A little Detroit store dispenses the remedies of a fading tradition
Published: October 17, 2012
She's an encyclopedia of herbal cures, like using sassafras bark twice a year to cleanse one's system, cayenne pepper for arthritis, bitterweed for colds. She used dandelions and burdock and red clover to treat her cancer years ago, she says.
But even she learned new things from this old-time medicine man. "The work he does helps heal a lot of people for only a little money," she says. "He's quiet, he's soft, he's gentle like the breeze. He's the last of his kind."
On most days, Wanttaja waits in the quiet shop among the neatly arrayed jars for a phone call or a visitor. There's no music playing, only the sounds of the road outside and the occasional ringing of the phone.
A few thick logs of tree branches, revealing themselves as birch by their peeling white bark, poke out of an opened box. He grows shiitake mushrooms on them for their healing properties. It's one way he's trying to diversify by carrying something else that people can't get online or at the vitamin store at the mall.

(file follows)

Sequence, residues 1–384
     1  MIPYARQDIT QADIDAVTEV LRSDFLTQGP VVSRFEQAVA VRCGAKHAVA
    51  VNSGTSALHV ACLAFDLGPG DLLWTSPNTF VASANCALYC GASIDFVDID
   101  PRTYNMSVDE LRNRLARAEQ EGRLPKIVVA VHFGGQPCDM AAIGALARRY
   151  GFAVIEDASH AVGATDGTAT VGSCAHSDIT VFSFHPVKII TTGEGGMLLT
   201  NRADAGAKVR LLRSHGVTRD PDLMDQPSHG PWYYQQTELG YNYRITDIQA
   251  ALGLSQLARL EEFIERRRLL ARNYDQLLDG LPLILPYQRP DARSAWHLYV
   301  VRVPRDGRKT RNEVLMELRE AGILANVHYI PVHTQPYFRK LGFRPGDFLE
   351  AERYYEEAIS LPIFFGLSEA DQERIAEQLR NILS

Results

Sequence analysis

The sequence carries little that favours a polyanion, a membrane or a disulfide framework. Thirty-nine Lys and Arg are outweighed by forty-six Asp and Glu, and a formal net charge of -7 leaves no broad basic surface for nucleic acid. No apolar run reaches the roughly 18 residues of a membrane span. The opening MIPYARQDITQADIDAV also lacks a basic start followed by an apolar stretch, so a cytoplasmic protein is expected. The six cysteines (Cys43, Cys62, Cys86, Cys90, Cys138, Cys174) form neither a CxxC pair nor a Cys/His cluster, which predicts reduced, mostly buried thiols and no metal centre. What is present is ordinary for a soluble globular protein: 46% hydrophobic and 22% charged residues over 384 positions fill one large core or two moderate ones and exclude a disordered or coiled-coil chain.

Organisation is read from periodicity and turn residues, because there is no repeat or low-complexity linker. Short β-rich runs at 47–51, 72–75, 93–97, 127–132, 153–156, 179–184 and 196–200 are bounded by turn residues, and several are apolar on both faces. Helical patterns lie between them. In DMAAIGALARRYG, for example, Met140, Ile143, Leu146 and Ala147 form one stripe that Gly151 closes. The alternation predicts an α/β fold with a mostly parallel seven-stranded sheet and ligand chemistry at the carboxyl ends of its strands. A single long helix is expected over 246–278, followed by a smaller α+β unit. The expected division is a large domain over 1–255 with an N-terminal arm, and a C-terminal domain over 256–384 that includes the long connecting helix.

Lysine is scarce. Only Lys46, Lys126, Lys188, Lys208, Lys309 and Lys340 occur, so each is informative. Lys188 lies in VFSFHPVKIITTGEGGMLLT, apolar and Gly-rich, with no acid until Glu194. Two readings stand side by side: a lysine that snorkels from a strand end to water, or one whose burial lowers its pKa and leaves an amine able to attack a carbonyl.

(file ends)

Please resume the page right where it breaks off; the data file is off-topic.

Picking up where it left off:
Still, he's barely paying the bills. "Some days are better than others, but there's nothing steady anymore," he says. "There are some days when you sit here twiddling your thumbs and you go, 'Jeez, should I go get a job at McDonald's?'" But then where would people get their buckthorn and horsetail and juniper berries?
In a way, his efforts to keep the shop going are part of a larger effort to keep these old traditions alive. Trends and fads may turn people from the old ways, but eventually, he says, they wind up coming back.
"There's a reason why old-school works," he says. "There's no substitute for water, right? There's certain things your body functions on and there's no way around it, and this is part of it. And eventually you figure it out."
Faith agrees. These remedies have been around this long for a reason, she says. They simply work.
"God was not stupid when he made us. God made some herbs to heal these things, and he prepared everything for us and he gave somebody the knowledge to process it. Do you want to take those gifts?"
Detroitblogger John is John Carlisle. He scours the Motor City for Metro Times. Send comments to email@example.com.
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